“Can you imagine a situation where a celebrity sex tape would not be newsworthy?” Someone, whom I follow on Twitter, asked this question. It started me to thinking.
Twitter Exchange w/Eugene Scott
What is the responsibility of news? It’s no secret that traditional news organizations are in competition with entertainment news, especially where tabloid reporting reigns.
More often than not, what results is a culture that confuses factual news reporting with entertainment tabloids. Our hyped-up information craze is all encompassing. Our “truths” are often distorted, misconstrued and usually hurtful.
Erin Andrews and Michael Barrett (Credit: CBS/AP)
Most recently, one need look no further than the legal cases involving Erin Andrews and Hulk Hogan. With the former, a Nashville jury, swayed by days of tearful testimony and a ridiculous move by a hotel executive, ruled in favor of FOX Sports reporter Erin andrews and ordered the defendants to pay her $55million in damages. Michael David Barrett, who in 2009 pleaded guilty to interstate stalking of Andrews, served 27 months in prison. West End Hotel Partners and Windsor Capital are private companies in the hotel business. The jury supported the argument presented by Andrews that the hotel group were responsible for security at the hotel.
Sportscaster and television host Erin Andrews, left, talks with her attorney, Randy Kinnard, in Nashville, Tenn. Mark Humphrey | AP
“Attorneys for the hotel argued at trial that Barrett alone was to blame for the videos. Andrews’ attorneys argued the hotel staff enabled Barrett by never verifying Barrett’s request for a room adjoining Andrews’ and by allowing Barrett to find her room.”
On the stand Wednesday, March 9 during a trial over a sex tape
Attorneys for Hulk Hogan (Terry Bollea) have characterized, popular tabloid website, Gawker as an unsympathetic collective of heartless and obstinate millennials who stare at a screen showing traffic to their stores while sending crude messages to each other ’bout their endeavors.
Yesterday, a St. Petersburg courtroom was shocked when A.J. Daulerio, the former editor in chief of Gawker.com, was shown in a videotaped deposition suggesting that almost anything goes when it comes to the newsworthiness of celebrities’s sex videos.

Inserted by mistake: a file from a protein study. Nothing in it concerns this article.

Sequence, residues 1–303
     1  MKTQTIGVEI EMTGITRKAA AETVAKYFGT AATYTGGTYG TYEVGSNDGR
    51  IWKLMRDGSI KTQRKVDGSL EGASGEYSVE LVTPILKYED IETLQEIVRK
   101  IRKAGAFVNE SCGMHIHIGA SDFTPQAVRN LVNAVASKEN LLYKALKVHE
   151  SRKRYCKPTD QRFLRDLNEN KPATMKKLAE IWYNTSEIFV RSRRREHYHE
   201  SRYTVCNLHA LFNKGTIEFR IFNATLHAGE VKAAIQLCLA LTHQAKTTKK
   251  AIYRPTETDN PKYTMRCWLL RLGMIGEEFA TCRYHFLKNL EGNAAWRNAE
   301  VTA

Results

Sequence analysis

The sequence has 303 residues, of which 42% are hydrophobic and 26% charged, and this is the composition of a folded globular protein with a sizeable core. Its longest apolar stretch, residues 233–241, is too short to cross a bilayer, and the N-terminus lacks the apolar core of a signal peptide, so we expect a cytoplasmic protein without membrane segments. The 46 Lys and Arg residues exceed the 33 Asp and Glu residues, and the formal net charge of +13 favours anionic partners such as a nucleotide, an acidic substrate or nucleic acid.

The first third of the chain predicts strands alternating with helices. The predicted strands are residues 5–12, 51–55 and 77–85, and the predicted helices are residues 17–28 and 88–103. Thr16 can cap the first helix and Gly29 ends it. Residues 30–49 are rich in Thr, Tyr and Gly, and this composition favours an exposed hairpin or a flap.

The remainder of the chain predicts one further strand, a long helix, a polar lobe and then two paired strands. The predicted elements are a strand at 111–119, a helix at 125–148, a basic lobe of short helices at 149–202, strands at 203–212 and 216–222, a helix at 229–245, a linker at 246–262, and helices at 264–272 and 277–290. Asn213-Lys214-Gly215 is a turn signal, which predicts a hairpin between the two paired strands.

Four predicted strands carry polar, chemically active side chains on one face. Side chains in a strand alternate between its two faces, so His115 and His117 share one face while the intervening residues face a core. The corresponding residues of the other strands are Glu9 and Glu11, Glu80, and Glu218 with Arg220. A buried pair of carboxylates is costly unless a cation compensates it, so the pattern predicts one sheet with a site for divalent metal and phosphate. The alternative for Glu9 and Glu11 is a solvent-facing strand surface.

Albert J. Daulerio, former editor of Gawker, set broad limits for newsworthiness. Credit Pool photo by Steve Nesius
Daulerio, a defendant in the $100 million invasion-of-privacy lawsuit brought by Hogan, was asked where he drew the line when it came to position videos of people having sex.
“If they were a child,” said Daulerio.
“Under what age?” the lawyer asked.
“Four,” he said.
Gawker later insisted Daulerio was speaking “sarcastically,” but the point had clearly been made. When it came to photos or videos of celebrities, in uncompromising situations, the gloves were off at Gawker.
Nick Denton, founder of Gawker, said he believed that the tape was worth posting. Credit Pool photo by Steve Nesius
Nick Denton, the website’s owner, has long admitted an aversion to privacy, directing his publication to tell the kind of off-the-record stories the journalists pass along to each other when hanging out together.
When the video of Hogan having sex with a friend’s wife arrive anonymously in the mail at Gawker, Daulerio admitted, “I was very enthusiastic about writing about it. I found it very amusing.”
“I thought it was newsworthy,” he said, “and it was something that was worth publishing.”
Gawker, for their part, chopped the tape from 30 minutes down to less than two minutes and posted it on their website, where it remained for about six months until a court ordered its removal. the case is prompting significant questions about how far First Amendment rights stretch in an era when the unregulated internet is ripe for abuse by anyone with a computer.
Nick Denton, left, founder of Gawker Media, and Albert J. Daulerio, a former editor in chief of Gawker, listening to testimony on Wednesday during a trial over a sex tape involving Hulk Hogan. Credit Steve Nesius/Associated Press
Daulerio was asked if Gawker made an y attempt to contact Hogan to confirm if it was actually him in the grainy video. “No,” he answered.
“So it’s fair to say that whether he suffered emotional distress or not, that played no part in your decision whether or what to publish,” asked Hogan’s attorney, Douglas Mirell.
“Correct,” Daulerio replied.
So, when you ask, “Can you imagine a situation where a celebrity sex tape would not be newsworthy?” No. Not yet, but I sure hope we get there. And like Eugene Scott suggested, there is hope, “when there’s a more complex bottom line that doesn’t only value profit.”